Actually, if one wants to include a second-moment closure into an existing time-implicit solver based on the resolution of a Poisson equation for the pressure, many problems of stability may be expected. In the momentum equations, the predominant role played by the source terms in absence of turbulent viscosity makes it necessary deep modifications of the original numerical algorithm. When the Reynolds stress is treated implicitly in the momentum equations when using eddy-viscosity models, it appears explicitly when second-moment closures are used. This situation is particularly difficult for the normal velocity component when it is integrated down to the wall. In fact, in the wall region, due to the rapid growth of normal Reynolds stress, its gradient becomes a predominant term which is balanced only by the normal pressure gradient, both appearing explicitly in the momentum source term. It is why the main idea behind the present proposed modifications of the original algorithm is the obligation of treating the turbulent and pressure gradients in the same way if we want to maintain the regularity of small magnitude velocity components. We think that the main source of irregularity is not necessarily the absence of turbulent viscosity but the discrete disequilibrium between several strong and opposite gradients which would provide, if perfect balance was achieved, a regular solution of small magnitude. To enforce this discrete equilibrium is not a trivial task because of the numerous source terms interpolations which are carried out if the popular Rhie & Chow interpolation practice is used to build the mass fluxes in the general context of a pressure equation method on non-staggered variable arrangment. The only physical tool able to restore this equilibrium is the pressure and it is why it is perhaps more justified to speak of a pressure-turbulence-velocity coupling instead of the conventional pressure-velocity coupling.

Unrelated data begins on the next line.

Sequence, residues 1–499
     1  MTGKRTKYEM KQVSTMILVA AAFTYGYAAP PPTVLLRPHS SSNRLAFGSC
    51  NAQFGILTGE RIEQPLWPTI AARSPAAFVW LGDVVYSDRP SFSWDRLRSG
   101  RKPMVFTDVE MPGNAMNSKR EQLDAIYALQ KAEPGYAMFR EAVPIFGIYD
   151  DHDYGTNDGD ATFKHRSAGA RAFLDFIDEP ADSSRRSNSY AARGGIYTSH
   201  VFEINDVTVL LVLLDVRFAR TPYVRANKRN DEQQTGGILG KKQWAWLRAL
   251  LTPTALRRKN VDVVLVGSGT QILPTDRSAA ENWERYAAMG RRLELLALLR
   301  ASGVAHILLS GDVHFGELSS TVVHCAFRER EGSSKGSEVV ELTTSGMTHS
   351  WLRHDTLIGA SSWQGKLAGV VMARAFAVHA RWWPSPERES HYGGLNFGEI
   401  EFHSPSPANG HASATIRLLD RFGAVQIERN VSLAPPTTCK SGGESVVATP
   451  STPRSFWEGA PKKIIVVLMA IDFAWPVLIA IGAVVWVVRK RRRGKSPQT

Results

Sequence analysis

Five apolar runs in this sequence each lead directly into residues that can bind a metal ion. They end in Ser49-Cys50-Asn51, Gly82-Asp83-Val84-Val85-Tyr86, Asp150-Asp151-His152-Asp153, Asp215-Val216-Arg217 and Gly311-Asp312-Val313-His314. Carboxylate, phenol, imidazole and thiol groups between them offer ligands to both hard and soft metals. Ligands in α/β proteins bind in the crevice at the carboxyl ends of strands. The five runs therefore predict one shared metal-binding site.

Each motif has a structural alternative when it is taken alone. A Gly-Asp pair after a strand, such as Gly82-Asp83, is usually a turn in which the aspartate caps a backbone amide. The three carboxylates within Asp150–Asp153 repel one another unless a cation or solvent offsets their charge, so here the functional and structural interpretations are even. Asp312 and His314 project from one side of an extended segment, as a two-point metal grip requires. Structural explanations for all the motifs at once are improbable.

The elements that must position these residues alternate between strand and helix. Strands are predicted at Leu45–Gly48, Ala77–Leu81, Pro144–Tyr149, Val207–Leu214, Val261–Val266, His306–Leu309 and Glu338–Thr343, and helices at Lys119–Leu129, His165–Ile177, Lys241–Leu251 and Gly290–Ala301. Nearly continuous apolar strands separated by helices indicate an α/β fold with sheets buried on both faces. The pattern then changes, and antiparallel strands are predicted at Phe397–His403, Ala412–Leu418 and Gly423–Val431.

In a pressure equation RANS solver, the three fundamental steps are the prediction step, the solution of pressure equation and the correction step. Each step must be somewhat revised in order to maintain a strict discrete equilibrium between the dominant source terms, namely, the pressure and turbulent correlations gradients. These generalisations which are designed to enforce the regularity of discrete fields and consequently the stability of the numerical algorithm, are now described on a 2D curvilinear example.
4.2.1
A pressure-turbulence equation
The RANS equations are defined by:
(33)
where Once discretised, the momentum equations can be written as:

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(34)
(35)
where Cnb and Cp are the usual influence coefficients.
Once expressed with the curvilinear coordinates, the momentum equations become:
(36)
(37)
where J is the jacobian of the transformation and are the usual j components of
The contributions of neighboring points and source term (except the pressure and turbulent stress gradients) are incorporated into the pseudo-velocity ûl:
(38)
(39)
To build a pressure equation, the continuity equation is written under its fully conservative form on the mass control volume:
[JU1]d–[JU1]u+[JU2]n–[JU2]s=0 (40)
with The contravariant velocity components have now to be rebuilt at the interfaces and this reconstruction must avoid chequer-board pressure oscillations and maintain the discrete link between pressure and turbulent gradients. The mass flux at the interface d is rebuilt through the following interpolation of velocity components:
(41)
(42)
where the overlined quantities are linearly interpolated in the computational domain, the pressure and turbulent stress gradients being rediscretised at the interface. Once the contravariant components are expressed with the help of the previous interpolations, a pressure equation is obtained which is somewhat different because the contributions of turbulent stresses are explicit instead of being accumulated (and linearly interpolated) in the source terms.
(43)
where:
(44)
With this special treatment of turbulent stresses gradients in the pressure equation source term, the discrete link between pressure and turbulence gradients is enforced, and a first source of numerical oscillations is avoided when pressure and turbulent correlations gradients compete in the momentum equations.
4.2.2
The correction step
Since the source terms of momentum equations do not contain any turbulent contribution, it is necessary to devise a slightly modified correction step:
(45)

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(46)
where the turbulent stresses gradients are explicitly computed and combined with the new pressure gradients. Here, it is important to point out the role of pressure relaxation factor for maintaining the discrete balance between pressure and turbulence. If the pressure is under-relaxed after solving the pressure equation as: